8. Shodan
  9. IoT Contiki
  10. WiT (Web of Things)
  11. MQTT (Message Queue Telemetry Transport Protocol)
  12. Bluegiga APX4 protocol
  13. Arduino
  14. Raspberry Pi
  15. GPIO (General Purpose Input/Output)
  16. IoT GE-PREDIX
  17. Thingful

The personal questions meant for IoT Engineers include:

  1. What previous experience do you have as an IoT Engineer?
  2. What are your favoured tools as an IoT Engineer?
  3. Name some projects that you have worked on as an IoT Engineer.

Applications for IoT and IoT Engineers

Due to the various advantages that IoT presents, it has seen massive popularity in recent years, with any field that has some use for wireless devices has found some use for IoT and requires the help of IoT engineers. These include

Smart Homes and Smart Cities: Smart homes are the most practical usage of IoT and presented above as an example of the advantages and practicality of using IoT systems. Regardless of the level of integration, whether it is an automated heating and ventilation or a simple set top box system, they are all a variant of IoT. Expanding in scale, it can go from a simple smart home to a smart city.

Medical Systems: In medical health, connected systems can allow for remote, real-time monitoring of patient health. Outside of that, it also improves efficiency by allowing for better coordination.

Driverless or autonomous cars: While autonomous vehicles are associated with mostly AI, however that is a focus on the personal level whereas if it is meant to spread and gain mass popularity, the autonomous vehicles should be able to coordinate with each other and prevent deadlocks and similar issues. As such, IoT is helpful for enabling coordination, increasing efficiency and preventing accidents.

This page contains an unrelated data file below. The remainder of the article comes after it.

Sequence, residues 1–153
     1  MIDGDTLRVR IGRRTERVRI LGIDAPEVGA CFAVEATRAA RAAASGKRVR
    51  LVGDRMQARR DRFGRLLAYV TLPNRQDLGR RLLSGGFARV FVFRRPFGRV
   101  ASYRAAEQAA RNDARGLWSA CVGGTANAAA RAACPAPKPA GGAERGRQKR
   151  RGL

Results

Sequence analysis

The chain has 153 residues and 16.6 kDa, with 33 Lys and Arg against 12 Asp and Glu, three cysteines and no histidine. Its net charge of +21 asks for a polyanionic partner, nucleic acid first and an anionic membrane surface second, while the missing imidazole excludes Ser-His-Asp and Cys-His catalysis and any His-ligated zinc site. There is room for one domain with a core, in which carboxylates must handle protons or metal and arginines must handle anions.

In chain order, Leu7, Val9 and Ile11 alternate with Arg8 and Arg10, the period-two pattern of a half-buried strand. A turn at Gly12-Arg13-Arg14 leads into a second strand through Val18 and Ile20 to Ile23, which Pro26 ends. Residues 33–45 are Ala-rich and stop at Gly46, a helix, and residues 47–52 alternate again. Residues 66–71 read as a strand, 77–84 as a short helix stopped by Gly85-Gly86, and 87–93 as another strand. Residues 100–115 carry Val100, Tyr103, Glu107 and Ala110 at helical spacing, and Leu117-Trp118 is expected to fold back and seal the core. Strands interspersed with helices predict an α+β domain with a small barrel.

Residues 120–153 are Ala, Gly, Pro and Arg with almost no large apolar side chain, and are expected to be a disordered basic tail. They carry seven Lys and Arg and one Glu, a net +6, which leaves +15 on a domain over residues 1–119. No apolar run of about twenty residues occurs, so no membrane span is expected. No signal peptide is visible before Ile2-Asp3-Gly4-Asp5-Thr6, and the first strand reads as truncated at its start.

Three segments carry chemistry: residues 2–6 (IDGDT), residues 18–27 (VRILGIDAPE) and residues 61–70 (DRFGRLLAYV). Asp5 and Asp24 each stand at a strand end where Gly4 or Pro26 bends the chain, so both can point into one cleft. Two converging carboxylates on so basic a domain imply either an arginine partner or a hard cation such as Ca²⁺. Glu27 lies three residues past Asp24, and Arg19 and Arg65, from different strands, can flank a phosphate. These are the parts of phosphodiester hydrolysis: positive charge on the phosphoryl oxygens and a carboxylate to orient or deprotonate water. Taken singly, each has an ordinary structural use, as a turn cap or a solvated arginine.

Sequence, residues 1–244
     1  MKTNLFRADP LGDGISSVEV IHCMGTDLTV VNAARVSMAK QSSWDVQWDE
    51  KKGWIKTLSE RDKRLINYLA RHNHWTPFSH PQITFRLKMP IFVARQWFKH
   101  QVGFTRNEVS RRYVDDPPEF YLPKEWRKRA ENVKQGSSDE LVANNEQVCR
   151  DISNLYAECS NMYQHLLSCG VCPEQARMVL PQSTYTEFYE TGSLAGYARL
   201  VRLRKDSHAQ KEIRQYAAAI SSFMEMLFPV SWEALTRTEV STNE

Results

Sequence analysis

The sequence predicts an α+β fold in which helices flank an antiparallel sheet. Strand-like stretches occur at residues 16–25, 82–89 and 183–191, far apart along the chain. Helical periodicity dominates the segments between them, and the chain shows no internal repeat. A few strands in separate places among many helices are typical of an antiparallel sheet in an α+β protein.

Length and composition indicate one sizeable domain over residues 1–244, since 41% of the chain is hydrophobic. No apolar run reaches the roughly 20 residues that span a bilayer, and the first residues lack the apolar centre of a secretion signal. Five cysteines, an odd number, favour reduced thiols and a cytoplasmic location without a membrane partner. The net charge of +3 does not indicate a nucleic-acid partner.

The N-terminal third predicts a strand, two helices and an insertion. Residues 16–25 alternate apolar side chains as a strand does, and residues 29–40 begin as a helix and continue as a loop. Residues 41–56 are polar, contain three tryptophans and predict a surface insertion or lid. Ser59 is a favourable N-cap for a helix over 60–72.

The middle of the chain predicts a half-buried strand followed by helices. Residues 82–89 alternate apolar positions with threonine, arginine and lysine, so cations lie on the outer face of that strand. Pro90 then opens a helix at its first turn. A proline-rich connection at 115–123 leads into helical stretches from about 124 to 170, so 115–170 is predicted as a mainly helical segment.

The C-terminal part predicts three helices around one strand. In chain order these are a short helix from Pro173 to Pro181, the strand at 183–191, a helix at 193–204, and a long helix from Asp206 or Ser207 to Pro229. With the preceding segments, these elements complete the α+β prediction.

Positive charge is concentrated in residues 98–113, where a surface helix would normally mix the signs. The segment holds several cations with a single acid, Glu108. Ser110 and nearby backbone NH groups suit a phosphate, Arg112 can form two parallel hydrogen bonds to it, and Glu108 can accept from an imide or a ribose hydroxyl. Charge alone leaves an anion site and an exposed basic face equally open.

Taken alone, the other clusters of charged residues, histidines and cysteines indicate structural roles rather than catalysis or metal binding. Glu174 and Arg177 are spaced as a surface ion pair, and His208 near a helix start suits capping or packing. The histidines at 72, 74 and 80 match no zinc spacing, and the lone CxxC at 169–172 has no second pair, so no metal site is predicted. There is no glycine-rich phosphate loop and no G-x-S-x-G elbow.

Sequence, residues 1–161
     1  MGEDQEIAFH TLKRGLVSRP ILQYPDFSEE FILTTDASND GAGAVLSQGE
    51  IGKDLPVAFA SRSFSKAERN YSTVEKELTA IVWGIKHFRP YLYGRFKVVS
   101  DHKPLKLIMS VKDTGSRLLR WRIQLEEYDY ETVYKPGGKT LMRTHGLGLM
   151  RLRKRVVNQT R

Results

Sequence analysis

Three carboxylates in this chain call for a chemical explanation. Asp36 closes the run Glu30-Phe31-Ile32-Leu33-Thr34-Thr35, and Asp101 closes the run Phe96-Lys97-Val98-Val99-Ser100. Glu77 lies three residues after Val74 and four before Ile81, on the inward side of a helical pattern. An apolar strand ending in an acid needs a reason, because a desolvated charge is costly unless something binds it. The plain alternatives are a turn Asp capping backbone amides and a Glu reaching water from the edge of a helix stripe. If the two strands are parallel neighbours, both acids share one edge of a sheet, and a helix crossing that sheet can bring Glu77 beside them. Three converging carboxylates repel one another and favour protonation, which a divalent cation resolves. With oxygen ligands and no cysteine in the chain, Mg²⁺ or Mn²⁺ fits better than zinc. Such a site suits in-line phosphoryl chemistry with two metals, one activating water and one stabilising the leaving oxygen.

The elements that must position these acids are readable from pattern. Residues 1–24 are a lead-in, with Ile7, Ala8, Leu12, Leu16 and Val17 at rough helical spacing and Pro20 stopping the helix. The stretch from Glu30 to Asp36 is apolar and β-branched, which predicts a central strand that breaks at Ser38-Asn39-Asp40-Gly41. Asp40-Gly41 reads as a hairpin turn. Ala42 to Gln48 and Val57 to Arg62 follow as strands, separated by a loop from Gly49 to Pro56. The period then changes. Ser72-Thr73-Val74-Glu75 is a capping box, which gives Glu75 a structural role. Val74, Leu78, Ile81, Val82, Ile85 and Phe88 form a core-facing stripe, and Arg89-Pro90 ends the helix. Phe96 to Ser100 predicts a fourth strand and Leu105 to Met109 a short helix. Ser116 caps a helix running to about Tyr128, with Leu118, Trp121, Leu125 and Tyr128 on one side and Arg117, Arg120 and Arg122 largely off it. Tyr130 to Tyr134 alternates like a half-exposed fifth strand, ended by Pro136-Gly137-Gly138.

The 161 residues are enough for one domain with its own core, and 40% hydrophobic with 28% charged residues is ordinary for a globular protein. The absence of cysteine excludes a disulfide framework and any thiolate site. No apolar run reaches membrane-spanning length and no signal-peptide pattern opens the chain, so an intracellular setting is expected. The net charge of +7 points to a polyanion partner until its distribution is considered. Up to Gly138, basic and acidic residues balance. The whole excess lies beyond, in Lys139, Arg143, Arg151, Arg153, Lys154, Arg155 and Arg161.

Hospitality: The hospitality industry has been a recent, surprising but promising field of application for IoT. Tracking guest billing for various spendings, placing orders, billing, booking and other tasks are simplified thanks to IoT.

Farming: In this sector, IoT takes the form of the various sensors which measure the environmental conditions. This includes weather aspects such as humidity, rainfall, etc. and uses the data to optimise the productivity of the fields.

Industry: Industries in general tend towards automation when technology makes it feasible and practical. IoT is one of the technologies which helps in that as it ensures proper coordination between various parts of an industry,preventing issues such as bottlenecks in the assembly line.

Conclusion

IoT Engineers are a high-end career choice for professionals in technical fields due to the myriad prerequisites involved. However, while this may seem daunting, due to the investments in time and effort required, the advantage of this is that anyone who completed the requirements possesses multiple qualifications, allowing for job oppurtunities in multiple fields.